You may have missed this one

With the political news concerning health care and “collaboration” with Russia, you may have missed this story. The Senate, voting along party lines, has decided that is OK for you ISP (Internet Service Provider) to sell your data. That means your browsing history is not as private as you thought or hoped. Since you likely know who holds the majority in the Senate, you know who voted to sell you out.

I cannot imagine as a consumer who would think this was OK. Even if you did not care who knew what you viewed online, why would you want to allow the ISP to sell this information. You already pay the ISP for online access. At best, I would think it appropriate that “sell my data” would be an opt in that would compensate you against your monthly bill. Since, your browsing preferences would be a great way to feed you ads, I would think $5-10 a month would be appropriate.

Here is the thing that irks me about Republicans. Why is it that business interests are given priority over the interests of individuals? Yes, I do know the answer to my own question.

As to why senators would want to overturn privacy rules, Vocativ (via TNW) reported earlier this week that the 22 Republican senators behind the resolution had received more than $1.7 million in campaign contributions from the telecoms industry in recent years.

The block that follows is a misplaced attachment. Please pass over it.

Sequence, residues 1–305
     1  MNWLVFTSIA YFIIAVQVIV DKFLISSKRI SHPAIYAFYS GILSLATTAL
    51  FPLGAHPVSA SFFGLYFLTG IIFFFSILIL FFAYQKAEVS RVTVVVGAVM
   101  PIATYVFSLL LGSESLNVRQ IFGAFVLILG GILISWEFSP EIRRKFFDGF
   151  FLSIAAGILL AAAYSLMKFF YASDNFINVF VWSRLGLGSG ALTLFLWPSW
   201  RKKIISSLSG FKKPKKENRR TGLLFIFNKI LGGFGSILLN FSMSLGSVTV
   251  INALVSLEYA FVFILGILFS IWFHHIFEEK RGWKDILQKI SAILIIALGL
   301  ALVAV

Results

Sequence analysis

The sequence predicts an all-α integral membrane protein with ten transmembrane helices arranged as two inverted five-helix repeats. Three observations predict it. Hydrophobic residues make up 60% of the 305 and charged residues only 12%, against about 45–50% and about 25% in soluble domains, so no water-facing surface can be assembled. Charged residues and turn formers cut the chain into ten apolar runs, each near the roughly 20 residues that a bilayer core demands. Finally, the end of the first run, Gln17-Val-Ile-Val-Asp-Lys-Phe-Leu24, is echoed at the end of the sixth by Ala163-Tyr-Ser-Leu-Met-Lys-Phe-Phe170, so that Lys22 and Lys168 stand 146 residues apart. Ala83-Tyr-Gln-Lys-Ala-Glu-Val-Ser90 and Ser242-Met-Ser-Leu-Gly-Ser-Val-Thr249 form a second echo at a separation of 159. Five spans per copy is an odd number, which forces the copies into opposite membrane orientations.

There is still time to contact your representative, but I suppose most of them are on the payroll too.

The question of online privacy has been prominent recently. For example, I have written on several occasions about the rights of creators to allow ads on their content and against those who feel it a right to block such ads. Yes, ads and cookies are a way to annoy users and collect information, BUT when you get content for free the ads provide a form of compensation for the free content received. If you don’t like the ads, don’t visit the content generated by creators. This is not an issue with ISPs – you have no choice. You use the service and they have your data.

There are related issues that may be involved and to my knowledge have been overlooked. If you work in education, you may be familiar with COPPA (Children’s Online Privacy Protection Act). This law makes it illegal collect without parental approval the online data generated by the activities of children under the age of 13. Since I see no opt in or opt out provisions for the Senate pronouncement, I am unclear on how COPPA requirements would be met.

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